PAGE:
I had a post recently in which I wondered aloud… are the reduced casualties we’re seeing in Iraq a sign the Surge is working, or a sign that ethnic/sectarian cleansing is working? I noted a simple test… if reduced violence is due to US policy, moving those who fled back to their homes won’t cause a renewed spike in violence…
Here’s a story in today’s LA Times:
Iraq’s civilian body count in October was less than half that at its height in January, reflecting both the tactical successes of this year’s U.S. troop buildup and the lasting impact of waves of sectarian death squad killings, car bombings and neighborhood purges.
October also marked the lowest monthly death toll for American troops, 36 fatalities, since March 2006, when 31 were killed, according to icasualties.org.
American commanders credit the buildup, which reached full strength in June, with slowing sectarian bloodshed.
But others say that the picture is more complicated than that because those seeking to cleanse their neighborhoods of rival religious sects have largely succeeded. The civilian death toll plummeted nationwide in the last two months; the toll was 2,076 in January but 884 in September and 758 in October, according to the Iraqi Health Ministry.
“Everyone in our neighborhood is Sunni, even the birds flying above us are Sunni,” said Mohammed Azzawi, a resident of the once mixed district of Ghazaliya.
A year ago, his street was a battleground between Shiite and Sunni militants. Now it is segregated between its Shiite northern tip and its Sunni south.
Moreover, American forces have felt it necessary to make tacit deals with groups that have been involved in the sectarian cleansing, and many Baghdad residents who have not been killed have fled. The number of people displaced internally in Iraq has risen to 2.25 million, and an additional 2 million have left the country.
“Certainly the presence of [U.S.] soldiers in insecure neighborhoods in Baghdad could stabilize the neighborhood, resulting in less violence and fewer people fleeing the neighborhood,” said Dana Graber Ladek, Iraqi case officer for the International Organization for Migration. “In addition, as neighborhoods become homogeneous, violence is likely to decrease and fewer people are likely to flee these areas.”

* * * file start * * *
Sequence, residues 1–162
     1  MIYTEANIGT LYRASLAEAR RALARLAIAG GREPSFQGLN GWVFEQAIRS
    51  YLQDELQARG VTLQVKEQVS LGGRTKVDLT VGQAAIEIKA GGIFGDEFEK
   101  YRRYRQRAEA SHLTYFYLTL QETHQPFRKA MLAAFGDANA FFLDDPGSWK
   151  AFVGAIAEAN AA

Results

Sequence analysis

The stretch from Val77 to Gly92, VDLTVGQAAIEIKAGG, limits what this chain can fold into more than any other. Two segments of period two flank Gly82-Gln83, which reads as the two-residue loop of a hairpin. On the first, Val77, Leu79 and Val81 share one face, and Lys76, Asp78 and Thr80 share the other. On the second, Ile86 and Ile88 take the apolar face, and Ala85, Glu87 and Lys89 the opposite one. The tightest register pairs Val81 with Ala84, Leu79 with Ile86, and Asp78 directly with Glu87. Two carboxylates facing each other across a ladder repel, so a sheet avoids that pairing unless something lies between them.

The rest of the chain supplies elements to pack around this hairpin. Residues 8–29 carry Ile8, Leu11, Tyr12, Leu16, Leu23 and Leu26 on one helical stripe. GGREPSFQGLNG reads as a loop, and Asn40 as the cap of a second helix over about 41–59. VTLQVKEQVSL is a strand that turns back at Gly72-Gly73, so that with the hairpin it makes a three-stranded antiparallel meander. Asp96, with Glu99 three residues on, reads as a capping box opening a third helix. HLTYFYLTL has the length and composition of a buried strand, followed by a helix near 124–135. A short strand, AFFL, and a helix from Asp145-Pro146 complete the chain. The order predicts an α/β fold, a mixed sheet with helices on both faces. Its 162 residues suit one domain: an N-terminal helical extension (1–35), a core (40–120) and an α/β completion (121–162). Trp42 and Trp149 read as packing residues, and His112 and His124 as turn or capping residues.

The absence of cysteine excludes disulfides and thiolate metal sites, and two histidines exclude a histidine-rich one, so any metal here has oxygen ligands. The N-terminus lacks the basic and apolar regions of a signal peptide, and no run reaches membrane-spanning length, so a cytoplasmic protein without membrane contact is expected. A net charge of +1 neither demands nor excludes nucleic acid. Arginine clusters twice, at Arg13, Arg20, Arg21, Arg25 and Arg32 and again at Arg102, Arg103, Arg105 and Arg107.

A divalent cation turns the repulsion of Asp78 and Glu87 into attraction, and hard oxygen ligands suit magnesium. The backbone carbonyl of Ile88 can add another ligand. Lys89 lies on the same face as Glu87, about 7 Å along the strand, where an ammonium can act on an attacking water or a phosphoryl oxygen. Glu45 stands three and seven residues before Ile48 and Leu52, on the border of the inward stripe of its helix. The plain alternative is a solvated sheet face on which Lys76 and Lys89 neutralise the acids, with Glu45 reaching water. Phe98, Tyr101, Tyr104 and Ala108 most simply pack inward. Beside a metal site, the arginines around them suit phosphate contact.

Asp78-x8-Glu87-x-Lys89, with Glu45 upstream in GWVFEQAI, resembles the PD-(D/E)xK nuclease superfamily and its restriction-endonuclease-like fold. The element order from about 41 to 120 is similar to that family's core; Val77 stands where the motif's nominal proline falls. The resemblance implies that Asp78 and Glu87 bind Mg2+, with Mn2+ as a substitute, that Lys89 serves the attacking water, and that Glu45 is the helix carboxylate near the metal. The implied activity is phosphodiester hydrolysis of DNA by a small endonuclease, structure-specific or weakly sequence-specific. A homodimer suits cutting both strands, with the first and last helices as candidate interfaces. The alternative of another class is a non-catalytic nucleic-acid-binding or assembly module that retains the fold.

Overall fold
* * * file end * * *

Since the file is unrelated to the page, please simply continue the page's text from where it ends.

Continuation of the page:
Over four million people fled, out of a population of less than 30 million. And then there are those who died.
And this is what success looks like:
American military leaders say that Iraq and its capital, where much of the sectarian violence has taken place, are significantly safer than during the height of Shiite-Sunni warfare last year — although even at its reduced level, the violence takes a toll of nearly 200 deaths a week.
Baghdad’s Rashid district, for example, was once an area with a majority Sunni population. After years of violence, its population is about 70% Shiite.
Securing the area has meant coming to an understanding with the same militia responsible for expelling the Sunnis, American officials acknowledge.
“It’s the reality of western Rashid,” said Army Lt. Col. Patrick Frank, whose battalion is responsible for the area. “Everyone we deal with is” a member of the Mahdi Army, he said.
The Mahdi Army has turned the west Baghdad neighborhood of Hurriya into a haven for Shiites driven out of nearby Sunni areas like Adil during last year’s sectarian cleansing. The local militia had also expelled its own Sunni population. Now the Mahdi Army rules the area in cooperation with the U.S.-sponsored neighborhood council.
“Did you hear of stealing cooking gas, tanks, cars or motorcycles in the Shiite areas? There is none. It never happens. It is very rare. This is because of the Mahdi Army,” said resident Hazim Muhsin.
And in the largely Sunni enclave of Ghazaliya, residents say the protection they receive from American troops has made a world of difference. Where Shiites were forcibly and bloodily evicted, Sunni men now stay outside till 10 or 11 p.m., sitting in lawn chairs. The light spills outside from a barber shop open late. One night, a string of cars from a wedding party drives down the street, passengers honking their horns.
“I expect to live in Ghazaliya the rest of my life. This is our home,” Azzawi said. “Now that it is pure Sunni, it is better for us.
You know, if we had dropped a few nukes on Baghdad and it was nothing but paved glass, there would be a lot of people touting the reduced violence as a success story.